However, the inner critic and the guilt monsters are wily creatures. Sometimes, I have actually found myself criticising myself for criticising myself. The issue is that when we try and battle with, or push these voices away, a bit like a wasp at a picnic, they kind of get more insistent. In reality, what we really need to do is let them be, but not take too much notice of them. Like a slightly irritating and judgemental relative at the dinner table. Hear what they have to say, perhaps even give a polite response, but then let it go.
Often, in the context of managing work stress, we hear a lot about self-care. Taking breaks, talking to colleagues, engaging in mindfulness, eating well and sleeping well. All of these things are immensely helpful in refuelling our tank. We know that working under stressful conditions has a cumulative impact on our bodies and we know these things are proven to be helpful. We are literally bombarded with advice on social media about being mindful, eating well and focusing on ourselves.
However, many people, me included, often find themselves ignoring that advice. Again, the self-critical and self-sacrificial parts of our minds tell us that that advice is for other people. That we are made of steel and we can, and therefore should, just keep going. Or, we really feel that we should follow the advice, but somehow don’t manage it, giving us another reason to beat ourselves with the criticism stick for not ‘taking care of ourselves better’.
I’m not knocking good advice. It’s really helpful. But at the same time, it’s important to recognise why we don’t always follow that advice, and how that then makes us feel.
An example of this is when people tell you ‘don’t take it home with you’. Now I absolutely believe we should try and keep good boundaries between work and home. But this instruction suggests that we have some kind of water tight airlock in our minds that we can activate at the end of the working day. Now some people are great at that, but not everyone, not always. And sometimes, no matter how hard you try to detach from work, an image, a feeling, a painful detail, will follow you home. This is another moment to go easy on yourself and recognise that this happens sometimes. That we shouldn’t feel bad about it. We should just feel human.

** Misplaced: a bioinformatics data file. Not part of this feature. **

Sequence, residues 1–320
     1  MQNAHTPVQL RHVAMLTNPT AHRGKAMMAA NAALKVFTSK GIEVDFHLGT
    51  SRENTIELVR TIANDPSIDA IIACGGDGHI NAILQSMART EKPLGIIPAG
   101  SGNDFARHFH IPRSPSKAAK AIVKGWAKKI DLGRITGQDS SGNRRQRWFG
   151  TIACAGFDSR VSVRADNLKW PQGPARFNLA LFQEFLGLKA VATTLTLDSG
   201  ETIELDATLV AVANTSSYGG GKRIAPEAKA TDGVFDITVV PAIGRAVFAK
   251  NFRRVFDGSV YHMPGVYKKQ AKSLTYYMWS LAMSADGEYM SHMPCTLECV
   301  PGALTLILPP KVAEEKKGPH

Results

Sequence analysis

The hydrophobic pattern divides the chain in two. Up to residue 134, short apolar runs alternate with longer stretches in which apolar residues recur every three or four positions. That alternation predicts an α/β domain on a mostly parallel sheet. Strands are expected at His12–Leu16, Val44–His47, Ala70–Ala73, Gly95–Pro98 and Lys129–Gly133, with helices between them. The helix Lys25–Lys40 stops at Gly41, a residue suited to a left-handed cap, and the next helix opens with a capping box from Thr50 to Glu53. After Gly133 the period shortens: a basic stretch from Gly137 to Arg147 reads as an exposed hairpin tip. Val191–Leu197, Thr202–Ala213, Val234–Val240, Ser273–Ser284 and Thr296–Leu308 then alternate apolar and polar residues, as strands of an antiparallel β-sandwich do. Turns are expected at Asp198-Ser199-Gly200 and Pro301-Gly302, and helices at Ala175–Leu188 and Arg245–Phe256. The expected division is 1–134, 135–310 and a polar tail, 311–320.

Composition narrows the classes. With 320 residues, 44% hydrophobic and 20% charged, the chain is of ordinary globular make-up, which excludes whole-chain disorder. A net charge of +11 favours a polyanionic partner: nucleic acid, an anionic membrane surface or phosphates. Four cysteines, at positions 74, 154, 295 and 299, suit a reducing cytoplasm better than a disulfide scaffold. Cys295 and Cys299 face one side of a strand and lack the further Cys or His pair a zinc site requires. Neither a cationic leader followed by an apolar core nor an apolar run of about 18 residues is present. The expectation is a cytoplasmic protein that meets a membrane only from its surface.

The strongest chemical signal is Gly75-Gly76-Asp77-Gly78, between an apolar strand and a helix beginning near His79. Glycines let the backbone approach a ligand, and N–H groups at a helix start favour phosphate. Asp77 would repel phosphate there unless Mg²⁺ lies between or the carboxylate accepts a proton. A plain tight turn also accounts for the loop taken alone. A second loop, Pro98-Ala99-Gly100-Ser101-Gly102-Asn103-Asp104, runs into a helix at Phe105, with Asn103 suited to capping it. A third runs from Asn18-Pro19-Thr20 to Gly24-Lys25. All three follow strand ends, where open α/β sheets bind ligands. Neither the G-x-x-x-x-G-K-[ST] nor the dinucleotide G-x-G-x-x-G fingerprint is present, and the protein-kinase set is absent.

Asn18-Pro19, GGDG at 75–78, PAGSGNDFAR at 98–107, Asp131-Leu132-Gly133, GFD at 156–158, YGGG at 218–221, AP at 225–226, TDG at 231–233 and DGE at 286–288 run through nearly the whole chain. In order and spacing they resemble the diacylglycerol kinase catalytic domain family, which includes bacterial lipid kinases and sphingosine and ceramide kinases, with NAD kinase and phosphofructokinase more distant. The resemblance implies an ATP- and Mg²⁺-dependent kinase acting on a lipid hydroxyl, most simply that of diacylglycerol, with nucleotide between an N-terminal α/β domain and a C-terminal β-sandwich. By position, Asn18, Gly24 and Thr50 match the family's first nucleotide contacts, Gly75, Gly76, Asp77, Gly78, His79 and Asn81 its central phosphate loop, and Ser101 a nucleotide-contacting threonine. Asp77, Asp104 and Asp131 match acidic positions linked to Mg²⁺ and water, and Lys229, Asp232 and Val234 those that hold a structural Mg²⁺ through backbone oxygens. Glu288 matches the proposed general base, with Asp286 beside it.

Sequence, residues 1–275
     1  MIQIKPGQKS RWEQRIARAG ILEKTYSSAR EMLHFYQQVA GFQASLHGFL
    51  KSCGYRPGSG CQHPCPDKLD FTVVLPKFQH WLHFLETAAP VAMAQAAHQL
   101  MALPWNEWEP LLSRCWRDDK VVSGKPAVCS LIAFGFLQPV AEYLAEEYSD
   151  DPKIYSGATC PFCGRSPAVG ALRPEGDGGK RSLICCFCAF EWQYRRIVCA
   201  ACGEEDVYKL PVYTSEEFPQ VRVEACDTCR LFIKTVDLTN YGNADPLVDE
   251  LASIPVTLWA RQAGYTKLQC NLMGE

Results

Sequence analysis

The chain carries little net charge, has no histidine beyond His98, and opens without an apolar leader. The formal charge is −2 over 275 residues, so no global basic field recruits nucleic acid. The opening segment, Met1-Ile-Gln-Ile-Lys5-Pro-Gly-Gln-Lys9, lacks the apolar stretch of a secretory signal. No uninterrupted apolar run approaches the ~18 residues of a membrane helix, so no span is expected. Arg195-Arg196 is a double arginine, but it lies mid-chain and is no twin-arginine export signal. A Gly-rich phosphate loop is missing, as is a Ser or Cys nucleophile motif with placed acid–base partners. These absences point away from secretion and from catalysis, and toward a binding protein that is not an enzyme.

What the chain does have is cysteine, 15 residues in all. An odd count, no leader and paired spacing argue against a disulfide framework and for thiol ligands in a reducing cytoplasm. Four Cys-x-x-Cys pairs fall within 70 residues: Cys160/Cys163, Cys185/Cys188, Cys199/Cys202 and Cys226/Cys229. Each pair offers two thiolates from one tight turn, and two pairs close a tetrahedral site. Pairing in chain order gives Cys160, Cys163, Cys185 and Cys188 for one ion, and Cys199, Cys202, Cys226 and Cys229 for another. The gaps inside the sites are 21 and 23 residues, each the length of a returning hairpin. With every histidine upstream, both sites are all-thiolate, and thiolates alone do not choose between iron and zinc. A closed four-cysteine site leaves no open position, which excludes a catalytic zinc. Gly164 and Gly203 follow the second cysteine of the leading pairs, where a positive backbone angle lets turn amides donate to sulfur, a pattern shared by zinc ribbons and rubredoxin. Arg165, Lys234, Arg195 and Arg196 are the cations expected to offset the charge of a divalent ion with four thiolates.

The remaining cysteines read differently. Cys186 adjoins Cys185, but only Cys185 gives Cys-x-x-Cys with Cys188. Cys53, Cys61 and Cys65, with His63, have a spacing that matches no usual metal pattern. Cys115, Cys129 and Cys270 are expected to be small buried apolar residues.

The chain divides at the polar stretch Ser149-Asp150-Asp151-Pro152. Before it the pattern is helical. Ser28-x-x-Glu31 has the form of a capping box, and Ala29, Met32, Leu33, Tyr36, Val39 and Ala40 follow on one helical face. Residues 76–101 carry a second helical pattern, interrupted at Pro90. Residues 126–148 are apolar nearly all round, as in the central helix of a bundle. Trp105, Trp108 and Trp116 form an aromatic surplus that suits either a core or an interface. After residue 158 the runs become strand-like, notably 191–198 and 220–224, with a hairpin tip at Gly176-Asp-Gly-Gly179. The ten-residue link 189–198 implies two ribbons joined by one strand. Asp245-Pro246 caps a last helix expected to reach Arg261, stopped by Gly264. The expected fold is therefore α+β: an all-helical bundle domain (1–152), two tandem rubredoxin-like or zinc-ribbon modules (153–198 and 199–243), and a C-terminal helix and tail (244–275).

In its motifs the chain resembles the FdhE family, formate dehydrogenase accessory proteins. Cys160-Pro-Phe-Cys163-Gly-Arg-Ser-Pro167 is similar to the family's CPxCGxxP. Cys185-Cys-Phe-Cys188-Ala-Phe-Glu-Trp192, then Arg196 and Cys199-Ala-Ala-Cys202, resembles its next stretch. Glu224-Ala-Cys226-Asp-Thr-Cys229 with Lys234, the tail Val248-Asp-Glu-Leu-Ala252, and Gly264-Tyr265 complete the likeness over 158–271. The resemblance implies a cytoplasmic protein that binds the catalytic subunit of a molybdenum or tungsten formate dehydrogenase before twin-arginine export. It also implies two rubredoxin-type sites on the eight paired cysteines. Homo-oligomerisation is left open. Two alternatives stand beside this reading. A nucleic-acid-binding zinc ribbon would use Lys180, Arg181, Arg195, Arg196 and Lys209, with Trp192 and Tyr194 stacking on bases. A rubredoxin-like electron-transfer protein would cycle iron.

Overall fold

Often the feeling that follows us home, is a feeling that we didn’t do enough, a worry that the person we tried to help, is still in pain or at risk. It is really important to recognise that, however brilliant you are, there is a limit to what you can control. There is also a limit to how much you can do with the resources you have. The outcome of any situation is the result of many factors, not just how good a job we did.
When we work in high risk or high need situations, we can feel terribly responsible for things that simply aren’t our doing. And this can be more acute when we are faced with vulnerable and distressed people. I always to say to my teams, imagine you are in A&E responding to a train crash, absolutely try your best to help people, but always remember, you didn’t cause the crash and you cannot save everybody.
Strong emotion, particularly anxiety, triggers powerful impulses to act. When we see something terrible happen to someone else, a part of us says ‘that could you be you’, ‘that could be your child’, and activates our threat system. Our mind, detects the alarm and screams ‘do something’! The more frightening and shocking the situation, the more the force of our emotions can pull us into feeling we must act. But action is not always what is needed. Sometimes our compassion, our calm presence is more important than anything.
So when we get home, whether the stresses of the day have followed us home or not, it’s helpful to allow ourselves the space to feel what we feel. To let our inner critic chatter on like a radio in the background, without getting too involved. Whether we find ourselves using mindfulness, or crying, or binge watching box sets, or reorganising the fridge. To be aware that we all cope in our own ways, and the most unhelpful thing we can do is beat ourselves up for how we are coping.
Some days are awful, and leave us feeling terrible. But if we can accept that and be kind to ourselves about it, more often than not the feelings pass. Like a plane bumping through turbulence, it can be uncomfortable and scary, but rarely dangerous. You can’t control the turbulence, all you can do is keep flying through it. And know that it’s not necessarily about flying the plane better. You are already doing the best you can. And that is good enough.
And if the turbulence doesn’t pass. If you find that the awful feelings are still there the next morning, and the next and the next, if they are keeping you awake night after night, if your inner critic won’t leave you alone, if you feel numb and cannot connect with people and you feel like you are losing sight of the good in the world. Then yes, that is that time to seek more help. And again, another time to be kind to yourself, because if you feel this way it is not your fault or failing, what you’re dealing with is just too much. As professionals we are not immune to depression and anxiety but we can often expect ourselves to be. Again, accepting how you feel without judgement, frees you up to seek the help you need. Berating yourself for not coping better, will make things much, much harder.
I hope you find some of these thoughts helpful, but if you didn’t, or if you find you can’t sit with your feelings, or you can’t ignore your inner critic, or you do agree to that extra shift, please remember, that’s OK too.